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03 September, 2011

Cabeceo







Cabeza” means “head” in Spanish, and “cabeceo” is the castellano word that refers to the nod of the head that is used to signal the offer and acceptance of dances at a milonga. The cabeceo serves a couple of purposes. First, it minimizes public embarrassment... because it’s a long walk back to the table for a man who has just come all the way across the room and been turned down for a dance. But more importantly, a crowded milonga simply couldn’t function without it. Hundreds of offers and acceptances must fly back and forth across the room each time a new tanda of music begins, and the cabeceo is really the only practical way for everyone to quickly and efficiently find the right partner.
The milongas are governed by a set of codigos that apply to the conduct of both the men, and the women.
In the milongas of the 1940s, the men often stood in the middle of the dance floor and looked for dances with the young women who were usually seated around the edge of the room with members of their family. In this situation, continually walking from the center of the floor, across the line of dance to invite ladies to dance would have been impossible, so the cabeceo was the only option. Could this have been the birth of the custom? I’ve never heard it discussed, but it seems possible. Today, no one stands in the middle of the floor anymore, but in most popular milongas the tables are jammed together very closely, and there is barely enough room to get on and off of the dance floor, so it makes very good sense that offers and acceptances should be signaled from a distance. 
Tips for Success With the Cabeceo
1. Have a plan and be disciplined. Know ahead of time who you want to dance with for each type of music.
2. Have a fallback position. Pick a second and a third choice ahead of time, and keep them in mind.
3. Try to quickly identify the music of the tanda, and then immediately begin to stare intently at your first choice for that type of music. 
4. Do NOT take you eyes off that person, even for one second. (If you have a history, the rest is easy, because he or she will probably already be looking back when they hear the music).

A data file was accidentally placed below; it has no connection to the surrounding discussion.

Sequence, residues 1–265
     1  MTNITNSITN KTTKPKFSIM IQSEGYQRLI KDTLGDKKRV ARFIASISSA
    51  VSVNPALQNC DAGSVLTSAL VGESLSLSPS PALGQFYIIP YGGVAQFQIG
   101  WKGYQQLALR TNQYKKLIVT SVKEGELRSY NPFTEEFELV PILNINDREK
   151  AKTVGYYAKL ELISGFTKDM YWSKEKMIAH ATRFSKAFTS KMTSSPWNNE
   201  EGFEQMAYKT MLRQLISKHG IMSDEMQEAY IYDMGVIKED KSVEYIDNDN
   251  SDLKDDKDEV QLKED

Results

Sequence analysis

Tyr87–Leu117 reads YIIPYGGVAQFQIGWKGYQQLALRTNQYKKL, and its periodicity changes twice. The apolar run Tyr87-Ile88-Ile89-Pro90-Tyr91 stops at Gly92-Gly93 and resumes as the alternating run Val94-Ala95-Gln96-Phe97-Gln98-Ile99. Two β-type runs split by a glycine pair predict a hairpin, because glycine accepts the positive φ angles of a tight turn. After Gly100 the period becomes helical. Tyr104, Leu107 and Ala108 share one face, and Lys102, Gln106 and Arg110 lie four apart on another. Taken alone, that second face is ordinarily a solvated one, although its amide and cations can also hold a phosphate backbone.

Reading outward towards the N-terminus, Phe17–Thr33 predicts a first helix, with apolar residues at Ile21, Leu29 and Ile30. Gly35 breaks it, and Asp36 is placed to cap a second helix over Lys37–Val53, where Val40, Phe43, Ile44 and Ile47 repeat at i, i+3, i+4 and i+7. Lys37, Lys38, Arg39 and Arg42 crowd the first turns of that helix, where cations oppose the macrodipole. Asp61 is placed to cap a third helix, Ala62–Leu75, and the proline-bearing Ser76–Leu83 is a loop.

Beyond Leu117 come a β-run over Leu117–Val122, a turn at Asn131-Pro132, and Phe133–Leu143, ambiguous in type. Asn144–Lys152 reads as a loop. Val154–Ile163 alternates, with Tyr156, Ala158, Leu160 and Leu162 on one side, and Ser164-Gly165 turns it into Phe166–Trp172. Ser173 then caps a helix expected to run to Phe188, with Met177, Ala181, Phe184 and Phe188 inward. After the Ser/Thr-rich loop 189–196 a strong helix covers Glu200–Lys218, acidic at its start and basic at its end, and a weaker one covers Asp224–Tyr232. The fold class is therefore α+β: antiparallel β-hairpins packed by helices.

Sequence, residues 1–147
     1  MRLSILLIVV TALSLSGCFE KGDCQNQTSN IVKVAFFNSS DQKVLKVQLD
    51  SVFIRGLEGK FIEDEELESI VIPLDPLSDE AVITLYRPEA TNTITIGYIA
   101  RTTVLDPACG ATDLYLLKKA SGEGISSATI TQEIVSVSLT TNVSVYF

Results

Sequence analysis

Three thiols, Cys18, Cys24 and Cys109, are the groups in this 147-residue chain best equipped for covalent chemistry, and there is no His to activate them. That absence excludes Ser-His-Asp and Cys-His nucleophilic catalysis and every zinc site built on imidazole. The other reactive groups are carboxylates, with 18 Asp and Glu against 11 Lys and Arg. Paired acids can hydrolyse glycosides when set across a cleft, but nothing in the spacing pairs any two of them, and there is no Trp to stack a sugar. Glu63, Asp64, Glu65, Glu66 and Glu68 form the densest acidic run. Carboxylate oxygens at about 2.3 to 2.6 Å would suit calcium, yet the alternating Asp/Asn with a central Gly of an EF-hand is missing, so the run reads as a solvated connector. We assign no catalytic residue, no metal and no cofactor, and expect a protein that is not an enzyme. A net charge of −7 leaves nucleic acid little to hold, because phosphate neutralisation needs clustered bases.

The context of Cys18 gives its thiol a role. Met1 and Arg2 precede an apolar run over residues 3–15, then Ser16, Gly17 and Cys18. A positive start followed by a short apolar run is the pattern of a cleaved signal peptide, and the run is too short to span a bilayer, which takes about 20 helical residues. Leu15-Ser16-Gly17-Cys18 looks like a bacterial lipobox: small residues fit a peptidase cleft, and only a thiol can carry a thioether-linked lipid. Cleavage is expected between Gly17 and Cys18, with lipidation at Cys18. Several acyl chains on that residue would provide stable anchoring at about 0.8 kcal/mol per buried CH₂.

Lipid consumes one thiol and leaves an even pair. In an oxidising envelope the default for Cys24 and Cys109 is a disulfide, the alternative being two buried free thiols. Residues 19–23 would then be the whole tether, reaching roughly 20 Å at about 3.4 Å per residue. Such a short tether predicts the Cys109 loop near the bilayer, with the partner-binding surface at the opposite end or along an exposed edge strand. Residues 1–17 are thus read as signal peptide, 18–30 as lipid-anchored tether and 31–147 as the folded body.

5. If no eye contact is returned, wait a bit. If you sense the person is aware of you, but is looking elsewhere, immediately switch your stare to choice number two, and repeat the process.
6. If eye contact is made, any sign of recognition will work. Among the milongueros and milongueras, this is usually nothing more than a glance of a second or two, or maybe a slight nod, or a cutting of the eyes toward the floor. 
7. If you happen to make eye contact by mistake with someone you don’t want to dance with, show no reaction at all, and look away quickly!
8. Once the dance offer has been accepted, both partners should maintain eye contact while the woman remains seated, and the man crosses the floor and stands in front her.
9.  Only when you are standing face to face, eye to eye, should the woman get up to dance. (This prevents crossed signals, where the intended partner may be sitting in the line of site, but one or two rows back).
10. When the dance is finished, the man always walks the woman back to her table, and then returns to his own. 

In Buenos Aires, there is a beautiful way of inviting a woman to the dance floor. The mannerism is known as Cabeceo.
Cabeceo is the way of invitation to dance by exchanging glances. Once this "invitation" is made and "confirmation" with the glance "received", a man walks to the lady. Formal invitation may not even be needed - if it is done - it is a part of the "play".
Some people think it is some sort of a special Argentinean tango code. Cabaceo should be learned.

Only when you are standing face to face, eye to eye, should the woman get up to dance. (This prevents crossed signals, where the intended partner may be sitting in the line of site, but one or two rows back). 

When the dance is finished, the man always walks the woman back to her table, and then returns to his own. 


While the cabeceo is one of the traditional codigos of tango. Ladies, Under all circumstances remain in your seat until the gentleman has come to collect you and is standing right in front of you! This will avoid the embarrasment of you possibly thinking the cabeceo is for you, and either being publically denied, which means slinking back to your seat or offending the other party, in which case both of the other dancers will just roll their eyes, and think you a stupid tourist, but the gentleman being a gentleman will dance with you anyways, but then it is more of a courtesy dance...which is what you really do not want.


It is a beautiful expression I found on the dance floor where men (who fear rejection) do not directly approach a woman for a dance but first make an eye contact with her. A woman has the choice to engage in that eye contact or look away and pretend that she is engaged in some conversation. 


In some parts of the world, people are trained not to stare. They find this mannerism very uncomfortable. One of my Spanish friend would sit idle during the milonga and was never approached for dance because she said, she could never continuously stare across the room.